You can tell a lot about a person by the way he or she enters and leaves a place. At COCA’s Patron Services desk, we enjoy observing our patrons in the front lobby. The “regulars” walk in purposefully, a heavy dance bag slung over the shoulder or well-worn play script grasped tightly in hand. These focused artists know where to go and what to do.
Then, there are the “occasional patrons” who visit a few times a year, are familiar with the building, and stroll in to ask about the latest gallery exhibit or to purchase tickets to a performance. Our current photography exhibit, Michael Eastman and Master Artist Series Students, makes everyday objects, like windows and water fountains, beautiful. Children of all ages will be fascinated by juggling, bunnies, ballerinas, hip-hoppers, pasta, music and more in this season’s Family Theatre Series.
While our regulars make us feel like family and the occasional patrons are pleasant to see again, it’s the patron who shows up for the first time that really inspires. Nothing can match their look of awe. They stand in the doorway and look around the bright, spacious atrium lobby. Some take a deep breath; most smile. I like to think that the openness offers enough space for big dreams. Perhaps the abundant natural light illuminates the creative spark within themselves, their children, or grandchildren. They are delighted and intrigued by Currents, a permanent art installation of hand-sculpted waves, LED lights, and soundscape compositions.
It’s inspiring to know that even in difficult economic times, people are still responding to their desire to create or to watch a play about those who aren’t afraid to create. On October 8 and 9, we’ll see how famous surrealist painter Renee Magritte responded to his artistic call in the Children’s Theatre Company production of This is Not a Pipe Dream.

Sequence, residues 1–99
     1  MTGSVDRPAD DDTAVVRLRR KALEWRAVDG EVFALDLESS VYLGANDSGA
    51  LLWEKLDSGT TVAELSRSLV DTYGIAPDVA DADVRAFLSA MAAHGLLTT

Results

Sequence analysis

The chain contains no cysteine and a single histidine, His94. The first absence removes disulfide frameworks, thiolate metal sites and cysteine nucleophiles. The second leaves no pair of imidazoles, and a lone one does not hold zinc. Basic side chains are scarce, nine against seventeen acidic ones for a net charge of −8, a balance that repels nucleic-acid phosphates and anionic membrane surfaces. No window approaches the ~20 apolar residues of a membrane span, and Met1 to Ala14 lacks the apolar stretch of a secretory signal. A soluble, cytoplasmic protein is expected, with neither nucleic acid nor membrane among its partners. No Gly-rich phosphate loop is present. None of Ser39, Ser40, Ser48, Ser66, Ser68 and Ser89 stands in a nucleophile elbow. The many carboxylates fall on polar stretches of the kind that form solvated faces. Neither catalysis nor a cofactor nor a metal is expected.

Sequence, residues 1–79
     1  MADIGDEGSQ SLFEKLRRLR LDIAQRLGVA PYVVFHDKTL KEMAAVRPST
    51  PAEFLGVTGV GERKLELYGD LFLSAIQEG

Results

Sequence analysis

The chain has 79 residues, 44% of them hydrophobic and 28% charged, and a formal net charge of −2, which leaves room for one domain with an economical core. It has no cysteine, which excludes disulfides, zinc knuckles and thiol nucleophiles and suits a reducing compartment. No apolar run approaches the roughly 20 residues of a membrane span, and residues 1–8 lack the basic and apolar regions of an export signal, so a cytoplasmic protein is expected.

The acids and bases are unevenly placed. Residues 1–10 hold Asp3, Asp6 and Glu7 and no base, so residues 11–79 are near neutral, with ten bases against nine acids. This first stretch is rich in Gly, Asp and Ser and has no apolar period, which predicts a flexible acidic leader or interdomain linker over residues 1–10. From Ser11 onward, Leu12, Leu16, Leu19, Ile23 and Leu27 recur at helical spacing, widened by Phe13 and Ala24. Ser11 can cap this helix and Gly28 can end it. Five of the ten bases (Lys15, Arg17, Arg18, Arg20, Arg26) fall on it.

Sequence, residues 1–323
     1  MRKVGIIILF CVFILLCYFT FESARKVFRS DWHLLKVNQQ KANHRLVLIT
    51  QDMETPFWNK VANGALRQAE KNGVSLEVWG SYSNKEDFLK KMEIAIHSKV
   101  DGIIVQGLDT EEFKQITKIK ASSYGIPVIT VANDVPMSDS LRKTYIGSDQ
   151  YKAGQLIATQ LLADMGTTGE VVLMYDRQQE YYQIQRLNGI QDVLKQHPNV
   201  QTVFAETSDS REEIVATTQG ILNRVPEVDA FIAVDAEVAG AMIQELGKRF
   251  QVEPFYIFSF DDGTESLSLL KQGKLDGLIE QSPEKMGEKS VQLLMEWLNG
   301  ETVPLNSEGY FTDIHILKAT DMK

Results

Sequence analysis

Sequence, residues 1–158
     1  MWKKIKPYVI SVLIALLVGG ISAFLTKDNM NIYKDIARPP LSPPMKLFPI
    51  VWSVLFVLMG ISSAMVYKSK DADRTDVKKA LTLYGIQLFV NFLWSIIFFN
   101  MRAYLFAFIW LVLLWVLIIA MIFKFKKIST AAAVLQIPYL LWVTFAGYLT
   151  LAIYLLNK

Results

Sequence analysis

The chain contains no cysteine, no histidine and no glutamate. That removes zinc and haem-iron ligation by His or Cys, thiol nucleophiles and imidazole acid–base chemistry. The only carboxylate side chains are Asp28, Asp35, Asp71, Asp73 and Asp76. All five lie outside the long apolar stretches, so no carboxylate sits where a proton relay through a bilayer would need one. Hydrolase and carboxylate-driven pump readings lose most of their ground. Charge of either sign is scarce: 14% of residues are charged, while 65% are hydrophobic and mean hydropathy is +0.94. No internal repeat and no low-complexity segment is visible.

Improved self-esteem and confidence are common remarks that parents write on COCA’s class evaluation forms. “That’s good,” says Director of Arts Education Shawna Flanigan. “It means that the teachers are taking them into unchartered territory.”
What’s the benefit of being inspired and taking risks? What do inspired people bring to the community? They understand that there is a process to help them follow their calling: to share an idea, to design a plan, to nurture a gift. Inspired people don’t give up. They believe in dreams and push boundaries in their communities.
Whatever your reason for visiting COCA this season, we hope that you leave more inspired than you were when you entered our front doors. And wherever you are in your artistic pursuits—whether viewing our gallery for the first time or dancing center stage for your fourth year—we are pleased that you’ve chosen COCA to fuel your creative spark.
Written by Ann Phillips. Ann is a dance enthusiast and creative writer who works in the Patron Services department at COCA.